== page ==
Welcome to Waiheke. We hope you get to notice the blazing pohutukawa of all sizes around every corner, that masterful castle on the evening sand with a silhouette like a medieval city and the small-scale-ness of our villages and many of our houses, tucked as they are among bush that has a nostalgia all of its own.
We’d like you to enjoy the lively café scene we have here, the quality of our fine dining establishments and of our artisanal produce, breads, crafts, art, night-time music, Saturday market and general, good life ambience.
Notice that we’ve kept it small by design, a bustling atmosphere that makes the coastscapes and stretching beach scenes all the more memorable.
It doesn’t matter if you don’t encounter too many inhabitants; we’re the ones the shopkeepers give a quick smile of recognition and who twitch that wretchedly-imprecise island map out of your hand when, embarked on what looked like an easy stroll, you’re lost in a suddenly-quite-big landscape. At this time of year, you don’t need us. Mostly, we’re working anyway.
We will expect you to smile back when we encounter you strolling en famille on the road and we are doing the best we can with the traffic. Groups of us are making stands for having all the island’s vehicles free of fossil fuels by 2030, cleaning up Little Oneroa’s stream, getting the eels and kokopu back in the wetlands, ridding the island of pests and weeds, reducing our rubbish and generally being kind and helpful to all God’s creatures.
There are, however, some things we’d probably prefer not to talk about. We feel robbed by the Local Government Commission’s summary dismissal of our bid, over the last couple of years, to take on more of the local decision-making that would enable us to deal intelligently with contractors over our potholes and paper-thin road seal. We are dismayed at the forests of fatuous signage, the over-grown walking tracks and the endless, shuffling, revenue-gathering paperwork that displaces any real work by the city and its CCOs.
We apologise for the bus timetables which were shaken up by Auckland Transport during the year. Residents made more than 500 submissions to a schedule that seemed to expect anyone in Surfdale would want to use the Kennedy Point terminal. It still leaves you, the customer, sitting and waiting 10 minutes, either in the stationary bus or in the wind and dark at Matiatia. This may not apply over the holiday season, when just getting here means you’ve automatically arrived a lot later than you hoped and the next bus a chimeric entity.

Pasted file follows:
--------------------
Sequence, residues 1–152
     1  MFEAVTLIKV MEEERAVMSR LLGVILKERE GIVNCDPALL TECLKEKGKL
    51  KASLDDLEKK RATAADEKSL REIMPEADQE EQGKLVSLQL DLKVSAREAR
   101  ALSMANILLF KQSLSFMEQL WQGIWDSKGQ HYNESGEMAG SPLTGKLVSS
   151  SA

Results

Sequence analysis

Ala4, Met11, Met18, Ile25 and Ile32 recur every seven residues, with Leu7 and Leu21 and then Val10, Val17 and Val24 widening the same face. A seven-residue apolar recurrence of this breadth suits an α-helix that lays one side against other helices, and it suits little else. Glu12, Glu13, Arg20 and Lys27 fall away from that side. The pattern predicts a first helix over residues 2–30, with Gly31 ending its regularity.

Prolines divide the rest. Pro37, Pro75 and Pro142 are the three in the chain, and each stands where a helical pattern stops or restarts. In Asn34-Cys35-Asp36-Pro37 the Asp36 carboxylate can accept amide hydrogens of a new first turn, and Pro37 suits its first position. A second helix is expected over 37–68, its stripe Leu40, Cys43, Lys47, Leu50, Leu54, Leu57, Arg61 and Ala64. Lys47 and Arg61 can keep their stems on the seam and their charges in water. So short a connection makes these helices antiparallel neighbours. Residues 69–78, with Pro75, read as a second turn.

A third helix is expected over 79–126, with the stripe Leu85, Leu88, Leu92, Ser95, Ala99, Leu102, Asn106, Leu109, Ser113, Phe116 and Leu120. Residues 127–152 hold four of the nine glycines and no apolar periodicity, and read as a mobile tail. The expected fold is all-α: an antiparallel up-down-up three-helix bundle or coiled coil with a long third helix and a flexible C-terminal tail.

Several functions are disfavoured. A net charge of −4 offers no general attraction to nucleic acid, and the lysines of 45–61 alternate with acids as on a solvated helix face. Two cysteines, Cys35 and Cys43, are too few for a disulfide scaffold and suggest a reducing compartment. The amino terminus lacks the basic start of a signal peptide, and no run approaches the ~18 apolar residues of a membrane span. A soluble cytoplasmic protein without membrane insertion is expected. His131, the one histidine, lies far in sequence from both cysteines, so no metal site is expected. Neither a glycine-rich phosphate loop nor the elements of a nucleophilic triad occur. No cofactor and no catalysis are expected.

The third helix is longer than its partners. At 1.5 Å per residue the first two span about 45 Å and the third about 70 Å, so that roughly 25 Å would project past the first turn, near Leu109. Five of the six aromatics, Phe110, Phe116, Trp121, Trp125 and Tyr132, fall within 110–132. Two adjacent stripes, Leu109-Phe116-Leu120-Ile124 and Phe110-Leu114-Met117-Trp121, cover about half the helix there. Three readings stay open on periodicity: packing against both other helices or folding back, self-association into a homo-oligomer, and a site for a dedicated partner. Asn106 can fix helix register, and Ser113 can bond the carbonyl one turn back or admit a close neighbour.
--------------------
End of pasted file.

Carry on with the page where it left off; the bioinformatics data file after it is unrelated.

What’s with the queues, you may ask. Don’t get us started. We’ve wrestled with the accommodation bed tax and even more iniquitous rates hikes. It’s bad news for those of us looking to Air B&B bookings to help meet swingeing rates bills and so visitors can come back later and get the deeper cut at the Waiheke experience.
The Auckland regional fuel tax, we were told in no uncertain terms, would be spent at the ferry terminal. This might have been a chance to rework the primitive ferry queues that now plague us every night of the week but, as it turns out, there is not a shred of amelioration in their sights.
Rain, storm or broiling sunshine, without a hint of apology from Auckland Transport, our visitors – let alone our commuters and the Waiheke public that has made several fortunes over the years for various ferry operators – are expected to wait in stagnant queues until the next available vessel arrives.
Or the one after.
It’s as if, having brought Auckland traffic to gridlock over decades, the sclerotic transport CCO that gobbles more than half the city’s rates revenue sees no reason why Waiheke commuters should not queue for the privilege of using a draughty, poorly designed terminal and an expensive, crowded ferry home.
Do they know or care that this wretched reluctance to deal with even normal transport issues in the present, let alone an even busier future, is putting an almost intolerable strain on local businesses in terms of freight, reliability, customer bookings and, inevitably, future trade? Not so you would notice. • Liz Waters